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Neural Plasticity
Volume 2015 (2015), Article ID 104282, 13 pages
Research Article

Altered Recruitment of the Attention Network Is Associated with Disability and Cognitive Impairment in Pediatric Patients with Acquired Brain Injury

1Acquired Brain Injury Unit, Scientific Institute “Eugenio Medea”, Via Don Luigi Monza 20, 23842 Bosisio Parini, Italy
2Neuroimaging Research Unit, Institute of Experimental Neurology, San Raffaele Scientific Institute, Vita-Salute San Raffaele University, Via Olgettina 60, 20132 Milan, Italy
3Department of Neurology, San Raffaele Scientific Institute, Vita-Salute San Raffaele University, Via Olgettina 60, 20132 Milan, Italy

Received 24 June 2015; Revised 23 July 2015; Accepted 26 August 2015

Academic Editor: Christophe Pellegrino

Copyright © 2015 Sandra Strazzer et al. This is an open access article distributed under the Creative Commons Attribution License, which permits unrestricted use, distribution, and reproduction in any medium, provided the original work is properly cited.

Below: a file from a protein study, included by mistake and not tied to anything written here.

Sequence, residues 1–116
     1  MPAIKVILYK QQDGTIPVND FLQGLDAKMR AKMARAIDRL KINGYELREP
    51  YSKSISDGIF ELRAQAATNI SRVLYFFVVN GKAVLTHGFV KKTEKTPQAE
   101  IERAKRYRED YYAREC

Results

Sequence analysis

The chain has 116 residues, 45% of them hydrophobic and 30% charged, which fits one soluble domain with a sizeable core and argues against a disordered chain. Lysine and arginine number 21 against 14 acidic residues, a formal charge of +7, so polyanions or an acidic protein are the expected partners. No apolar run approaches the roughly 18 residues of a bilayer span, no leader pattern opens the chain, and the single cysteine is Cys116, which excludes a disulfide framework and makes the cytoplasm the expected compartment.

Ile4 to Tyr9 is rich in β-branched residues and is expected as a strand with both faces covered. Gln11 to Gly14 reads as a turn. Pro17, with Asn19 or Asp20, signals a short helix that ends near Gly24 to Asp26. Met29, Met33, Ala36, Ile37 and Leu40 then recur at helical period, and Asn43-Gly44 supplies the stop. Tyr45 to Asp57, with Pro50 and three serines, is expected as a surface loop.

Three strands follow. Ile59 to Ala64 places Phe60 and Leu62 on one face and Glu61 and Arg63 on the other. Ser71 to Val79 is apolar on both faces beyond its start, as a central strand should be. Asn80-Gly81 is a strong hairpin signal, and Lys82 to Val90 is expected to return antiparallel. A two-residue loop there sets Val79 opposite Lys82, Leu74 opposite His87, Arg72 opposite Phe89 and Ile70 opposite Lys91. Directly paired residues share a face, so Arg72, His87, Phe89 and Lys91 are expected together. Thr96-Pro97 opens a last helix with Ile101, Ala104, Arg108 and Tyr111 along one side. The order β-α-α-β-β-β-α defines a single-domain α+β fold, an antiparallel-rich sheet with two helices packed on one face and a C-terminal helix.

We assessed abnormalities of brain functional magnetic resonance imaging (fMRI) activity during a sustained attention task (Conners’ Continuous Performance Test (CCPT)) in 20 right-handed pediatric acquired brain injury (ABI) patients versus 7 right-handed age-matched healthy controls, and we estimated the correlation of such abnormalities with clinical and cognitive deficits. Patients underwent the Wechsler Intelligence Scale for Children (WISC), Wisconsin Card Sorting Test, and Functional Independence Measure (FIM) evaluations. During fMRI, patients and controls activated regions of the attention network. Compared to controls, ABI patients experienced a decreased average fMRI recruitment of the left cerebellum and a decreased deactivation of the left anterior cingulate cortex. With increasing task demand, compared to controls, ABI patients had an impaired ability to increase the recruitment of several posterior regions of the attention network. They also experienced a greater activation of frontal regions, which was correlated with worse performance on FIM, WISC, and fMRI CCPT. Such abnormal brain recruitment was significantly influenced by the type of lesion (focal versus diffuse axonal injury) and time elapsed from the event. Pediatric ABI patients experienced an inability to optimize attention network recruitment, especially when task difficulty was increased, which likely contributes to their clinical and cognitive deficits.